Why Is Jerusalem Always in Twos?1
Why is Jerusalem always in twos, one of Above
And the other Below
And I want to live in a Jerusalem of the middle
Without turning my head above and without
Wounding my legs below.
And why is Jerusalem in the language of pairs, like hands
I only want to be in one Jerusalem
Because I am only one, there are no more.
Miriam-Webster defines “Zion” as “a dwelling place of perfect happiness for the soul after death,” and gives it synonyms such as “above,” “bliss,” and “paradise,” and antonyms such as “Gehenna,” “pandemonium,” and “perdition.” Zionism, then, is almost by definition an ideal — either a dream of national liberation or a mode of redemption.
Zionism has unearthly origins. For centuries, it held a mystical place in the minds of Jews. And it maintains a sense of that original unearthly quality. Aharon Appelfeld, one of Israel’s most famous authors, talks about the first time he saw the Jewish Brigade after the Holocaust — that it was a “messianic revelation.” And historian Zeev Sternhell, an outspoken secular leftist and expert on fascism, has said that the establishment of the State of Israel produced in him an “almost religious exaltation.”
I grew up with that same notion of Zionism as a “messianic revelation” and a “religious exaltation.” I attended a religious Zionist summer camp where we simulated Israeli military actions and lived the sort of collectivist identity promoted by Israel’s first kibbutzim. When we said the Birkat Hamazon, I included (and still do) the words, “Harachaman hu yivarech et medinat Yisrael, reishit tzmichat geulatenu,” for which a feeble English rendering might be: “May the Merciful One bless the State of Israel, the beginning of our redemption.” I subscribed to Rav Abraham Isaac Kook’s teaching in the first chapter of Orot HaKodesh (titled Eretz Yisrael) that the Land of Israel is tied in its very lifeblood to the “uma,” the “nation” of Israel. According to the author Micah Goodman, this is Kook’s version of the Hegelian dialectic: The uma is a living, creative organism with Body and Soul. Its Soul is Jewish culture, religion, being, and its Body is the land of Israel. This makes the Diaspora effectively a soul without a body. Bringing the soul back to the body — Judaism to Israel, or Zionism — is t’chiyat hametim, or the resurrection of the dead, rebirth. I so loved that idea then (perhaps differently from the way I love it now), that when I was 18 years old and living in a settlement, I believed that I was on a redemptive journey, seeking an ethereal Zion by connecting to the land.
Slowly — and painfully — I discovered that Israel, though it has a soul, is not just a vessel for a religious people — in other words, for me. It is a place, and it contains multitudes. It produces both excellence and suffering. It is a reality of flesh and blood.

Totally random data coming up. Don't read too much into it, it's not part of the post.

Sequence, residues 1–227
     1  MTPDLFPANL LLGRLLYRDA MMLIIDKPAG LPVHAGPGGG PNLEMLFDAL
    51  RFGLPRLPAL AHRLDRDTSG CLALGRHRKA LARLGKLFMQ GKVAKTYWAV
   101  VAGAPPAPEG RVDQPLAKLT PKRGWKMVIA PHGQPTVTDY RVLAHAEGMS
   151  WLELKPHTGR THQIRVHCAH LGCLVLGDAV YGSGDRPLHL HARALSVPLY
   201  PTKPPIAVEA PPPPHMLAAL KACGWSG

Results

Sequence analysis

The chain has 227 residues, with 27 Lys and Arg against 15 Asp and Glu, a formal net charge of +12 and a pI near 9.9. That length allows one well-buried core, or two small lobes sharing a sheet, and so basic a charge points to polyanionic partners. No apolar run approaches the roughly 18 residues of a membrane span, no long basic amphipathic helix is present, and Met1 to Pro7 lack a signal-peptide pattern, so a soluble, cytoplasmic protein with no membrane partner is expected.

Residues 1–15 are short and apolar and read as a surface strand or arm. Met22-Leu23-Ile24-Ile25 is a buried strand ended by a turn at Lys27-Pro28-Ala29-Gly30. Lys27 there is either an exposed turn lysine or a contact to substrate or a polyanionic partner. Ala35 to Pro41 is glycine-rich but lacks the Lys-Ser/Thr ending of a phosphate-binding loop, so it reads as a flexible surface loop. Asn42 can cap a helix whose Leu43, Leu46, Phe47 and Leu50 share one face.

Today, many who take the term “Zionism” for their battle cry tend to find their political home on the radical right — both in Israel and America. In growing numbers, they are proponents of the Greater Land of Israel — willing participants in the internationally condemned occupation of a people, funders and actors in projects that essentially steal property and deny civil liberties. Often, these are the same people who allow the otherworldy to enter into their political discourse. They speak of the redemptive powers of nationalism; they insist that God is in their political camp. But this insertion of otherworldliness is inappropriate and dangerous. In fact, it makes me want to fight against Israel, against a perverted Zionism.
But reclaiming Zionism may not be impossible, and perhaps a clue to how we can do so can be found in the Talmud, in Ta’anit (5b), which quotes Rabbi Yochanan who, in turn, quotes God: “I will not come to Jerusalem of above (Yerushalayim shel ma’alah) until I have come to Jerusalem of below (Yerushalayim shel mata).” The Talmud asks the obvious question: What is “Jerusalem of above”?
If we understand “Jerusalem of above” as the ideal — a romanticized, beautiful, important national liberation movement of another era — we can begin to reorient ourselves. First, God (or we, as the case may be) must go to the “Jerusalem of below,” to the realm where redemption means placing one’s feet ever more fervently on the ground. To reclaim a Zionism of the earth, we need to talk about what is happening on it — the physical realities we are creating and how those realities are changing us. Because if we make the mistake of treading in “Jerusalem of above” when we should be striding through “Jerusalem of below,” then we do ourselves — and our own redemptive projects — a gross disservice.
When Zionism was a dream — when it brought to mind the “Israel of above” — it was epic: heroic, powerful, and profoundly worthwhile. But now that Zion has become a reality, we must reorient ourselves. There is much we need to do in order to live in the Jerusalem of below. We can start by ending the occupation. God will come to “Israel of above” only after coming to “Israel of below.” That is the Jerusalem we should be building up.
1 A note on translation: Some nouns in Hebrew form their plural by using a “dual” suffix. This form is often used to indicate that the noun comes in pairs, like eyes, breasts, hands, feet, or ears. The sound of the dual ending is “A-IM” just like that of the end of the Hebrew word for Jerusalem, “YerushalA-IM.” Amichai is claiming that the ending of the word “Jerusalem” denotes that it is a dual noun — a pair of Jerusalem(s).
This poem is reprinted with the permission of Hana Amichai.email print